- The Washington Times - Thursday, August 3, 2006

1:10 p.m.

Two of the Pentagon’s most senior generals conceded to Congress today that the surge in sectarian violence in Baghdad in recent weeks means Iraq may descend into civil war.

“Iraq could move toward civil war” if the violence is not contained, Gen. John Abizaid, the top U.S. commander in the Middle East, told the Senate Armed Services Committee.

“I believe that the sectarian violence is probably as bad as I have seen it,” he said, adding that the top priority in Iraq is to secure the capital, where factional violence has surged in recent weeks despite efforts by the new Iraqi government to stop the fighting.

Gen. Peter Pace, chairman of the Joint Chiefs of Staff, told the panel, “We do have the possibility of that devolving into civil war.” He added that this need not happen and stressed that it depends ultimately on the Iraqis more than the U.S. military.

“Shiite and Sunni are going to have to love their children more than they hate each other,” Gen. Pace said, before the tensions can be overcome. “The weight of that must be on the Iraqi people and the Iraqi government.”

Later in the hearing, Gen. Abizaid expressed confidence that the Iraqi government is moving in the right direction.

“Am I optimistic whether or not Iraqi forces, with our support, with the backing of the Iraqi government, can prevent the slide to civil war? My answer is yes, I’m optimistic that that slide can be prevented,” he said.

President Bush and Defense Secretary Donald H. Rumsfeld have refused steadfastly to call the situation in Iraq a civil war, although Mr. Rumsfeld at a news conference yesterday acknowledged that the violence is increasing.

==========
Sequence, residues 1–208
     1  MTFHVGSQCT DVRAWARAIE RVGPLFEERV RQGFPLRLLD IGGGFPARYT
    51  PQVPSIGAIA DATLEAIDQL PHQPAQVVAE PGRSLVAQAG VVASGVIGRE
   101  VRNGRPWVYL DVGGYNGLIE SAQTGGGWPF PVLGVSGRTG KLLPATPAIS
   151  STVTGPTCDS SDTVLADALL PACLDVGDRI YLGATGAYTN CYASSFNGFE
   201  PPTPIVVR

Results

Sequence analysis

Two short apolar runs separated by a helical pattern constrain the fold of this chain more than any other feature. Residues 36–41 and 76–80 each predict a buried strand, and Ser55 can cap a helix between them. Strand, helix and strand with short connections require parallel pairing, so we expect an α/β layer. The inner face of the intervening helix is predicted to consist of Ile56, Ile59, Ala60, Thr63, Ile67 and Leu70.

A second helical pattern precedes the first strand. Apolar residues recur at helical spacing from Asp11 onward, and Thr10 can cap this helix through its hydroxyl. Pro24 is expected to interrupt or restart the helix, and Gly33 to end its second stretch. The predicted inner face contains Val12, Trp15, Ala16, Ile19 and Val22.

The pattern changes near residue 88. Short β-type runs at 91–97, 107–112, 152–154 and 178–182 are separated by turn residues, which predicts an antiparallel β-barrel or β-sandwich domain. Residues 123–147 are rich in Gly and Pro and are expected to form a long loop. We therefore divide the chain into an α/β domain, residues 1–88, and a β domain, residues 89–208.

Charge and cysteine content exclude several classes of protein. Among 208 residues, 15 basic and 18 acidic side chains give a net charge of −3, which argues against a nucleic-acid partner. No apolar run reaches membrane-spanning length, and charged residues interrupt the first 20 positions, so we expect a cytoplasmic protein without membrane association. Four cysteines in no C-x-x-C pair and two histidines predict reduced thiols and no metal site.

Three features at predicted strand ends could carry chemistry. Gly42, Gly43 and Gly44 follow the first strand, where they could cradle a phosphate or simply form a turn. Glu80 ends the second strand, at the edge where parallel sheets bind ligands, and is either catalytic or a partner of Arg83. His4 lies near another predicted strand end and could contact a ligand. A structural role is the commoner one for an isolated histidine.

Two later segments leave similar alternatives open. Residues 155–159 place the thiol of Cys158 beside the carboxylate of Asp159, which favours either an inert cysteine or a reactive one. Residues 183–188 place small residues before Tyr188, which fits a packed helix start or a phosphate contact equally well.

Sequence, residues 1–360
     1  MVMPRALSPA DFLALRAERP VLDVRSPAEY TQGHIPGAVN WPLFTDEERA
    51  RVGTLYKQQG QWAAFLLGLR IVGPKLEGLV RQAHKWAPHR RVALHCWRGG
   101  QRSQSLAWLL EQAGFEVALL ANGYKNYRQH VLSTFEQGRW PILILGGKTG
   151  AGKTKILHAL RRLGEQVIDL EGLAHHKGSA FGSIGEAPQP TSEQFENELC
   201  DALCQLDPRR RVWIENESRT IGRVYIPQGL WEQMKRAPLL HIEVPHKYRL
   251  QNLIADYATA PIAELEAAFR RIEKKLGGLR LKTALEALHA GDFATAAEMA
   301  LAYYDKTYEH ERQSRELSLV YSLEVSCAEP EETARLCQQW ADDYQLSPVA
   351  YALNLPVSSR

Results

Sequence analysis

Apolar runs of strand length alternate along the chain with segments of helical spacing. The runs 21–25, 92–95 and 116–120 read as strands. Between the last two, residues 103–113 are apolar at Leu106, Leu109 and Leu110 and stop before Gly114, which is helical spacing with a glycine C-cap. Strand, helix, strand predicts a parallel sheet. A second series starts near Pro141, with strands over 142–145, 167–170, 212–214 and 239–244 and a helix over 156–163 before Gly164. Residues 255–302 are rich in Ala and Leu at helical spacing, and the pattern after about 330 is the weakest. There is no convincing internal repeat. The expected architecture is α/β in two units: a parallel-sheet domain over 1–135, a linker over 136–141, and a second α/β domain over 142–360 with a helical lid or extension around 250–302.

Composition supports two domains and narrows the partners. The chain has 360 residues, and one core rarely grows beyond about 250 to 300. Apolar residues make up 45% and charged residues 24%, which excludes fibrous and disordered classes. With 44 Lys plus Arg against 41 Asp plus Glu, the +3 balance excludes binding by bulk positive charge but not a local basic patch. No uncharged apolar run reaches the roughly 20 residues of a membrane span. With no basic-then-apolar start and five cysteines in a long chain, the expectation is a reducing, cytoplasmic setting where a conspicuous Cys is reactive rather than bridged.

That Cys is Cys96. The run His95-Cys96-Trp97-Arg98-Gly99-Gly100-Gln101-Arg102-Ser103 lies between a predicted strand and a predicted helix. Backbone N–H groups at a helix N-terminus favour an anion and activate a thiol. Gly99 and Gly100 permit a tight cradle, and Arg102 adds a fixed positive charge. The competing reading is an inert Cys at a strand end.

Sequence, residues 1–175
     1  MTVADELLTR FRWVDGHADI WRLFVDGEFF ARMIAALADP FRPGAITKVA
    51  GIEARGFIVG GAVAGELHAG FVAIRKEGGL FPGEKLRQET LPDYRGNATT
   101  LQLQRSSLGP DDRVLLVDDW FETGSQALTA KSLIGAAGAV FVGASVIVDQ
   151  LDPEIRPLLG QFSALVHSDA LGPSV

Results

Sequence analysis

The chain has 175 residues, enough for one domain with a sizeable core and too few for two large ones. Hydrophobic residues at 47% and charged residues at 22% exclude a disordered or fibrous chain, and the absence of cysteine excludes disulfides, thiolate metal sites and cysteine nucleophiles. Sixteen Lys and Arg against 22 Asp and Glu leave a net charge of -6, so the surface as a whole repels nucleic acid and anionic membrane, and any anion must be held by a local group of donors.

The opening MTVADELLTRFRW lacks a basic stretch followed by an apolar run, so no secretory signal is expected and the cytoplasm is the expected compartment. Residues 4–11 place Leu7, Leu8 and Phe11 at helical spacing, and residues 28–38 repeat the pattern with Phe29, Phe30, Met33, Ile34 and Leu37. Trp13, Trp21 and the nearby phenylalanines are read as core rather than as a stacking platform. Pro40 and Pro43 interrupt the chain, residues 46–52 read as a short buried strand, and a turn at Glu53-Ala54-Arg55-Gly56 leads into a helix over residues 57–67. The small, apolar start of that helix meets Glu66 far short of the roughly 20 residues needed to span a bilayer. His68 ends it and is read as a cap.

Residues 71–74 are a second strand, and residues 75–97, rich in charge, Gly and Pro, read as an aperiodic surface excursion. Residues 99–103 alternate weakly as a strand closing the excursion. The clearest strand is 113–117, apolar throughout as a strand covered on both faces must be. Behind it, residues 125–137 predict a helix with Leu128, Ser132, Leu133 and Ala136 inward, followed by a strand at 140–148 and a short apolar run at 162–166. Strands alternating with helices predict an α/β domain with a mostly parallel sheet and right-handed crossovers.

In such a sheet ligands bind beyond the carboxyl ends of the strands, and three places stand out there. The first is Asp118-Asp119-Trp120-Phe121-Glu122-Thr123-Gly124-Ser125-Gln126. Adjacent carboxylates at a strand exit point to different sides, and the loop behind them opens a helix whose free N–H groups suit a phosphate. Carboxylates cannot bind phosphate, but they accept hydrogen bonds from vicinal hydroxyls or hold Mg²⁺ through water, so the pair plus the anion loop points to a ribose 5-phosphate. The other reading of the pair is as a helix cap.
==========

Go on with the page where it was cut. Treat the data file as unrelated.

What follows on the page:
The commanders’ remarks come at a time when, thanks to the high level of violence in Baghdad, Bush administration hopes have diminished of significantly reducing the U.S. force in Iraq, which Mr. Rumsfeld said totals 133,000. Last year, Army Gen. George Casey, the top U.S. commander in Iraq, expressed hopes of significant troop cuts this year, comments that Gen. Abizaid seemed to temper today.

“Since the time that General Casey made that statement, it’s clear that the operational and the tactical situation in Baghdad is such that it requires additional security forces, both U.S. and Iraqi,” Gen. Abizaid told Sen. Carl Levin of Michigan, the top Democrat on the committee.

“It’s possible to imagine some reductions in forces, but I think the most important thing to imagine is Baghdad coming under the control of the Iraqi government,” he said.

The general also said under questioning that it was possible that U.S. casualties could rise as a result of the battle to contain sectarian violence in the capital.

“I think it’s possible that in the period ahead of us in Baghdad that we’ll take increased casualties — that’s possible,” Gen. Abizaid said.

The three-year-old Iraq war has cost more than 2,500 U.S. lives and more than a quarter-trillion in taxpayer dollars.

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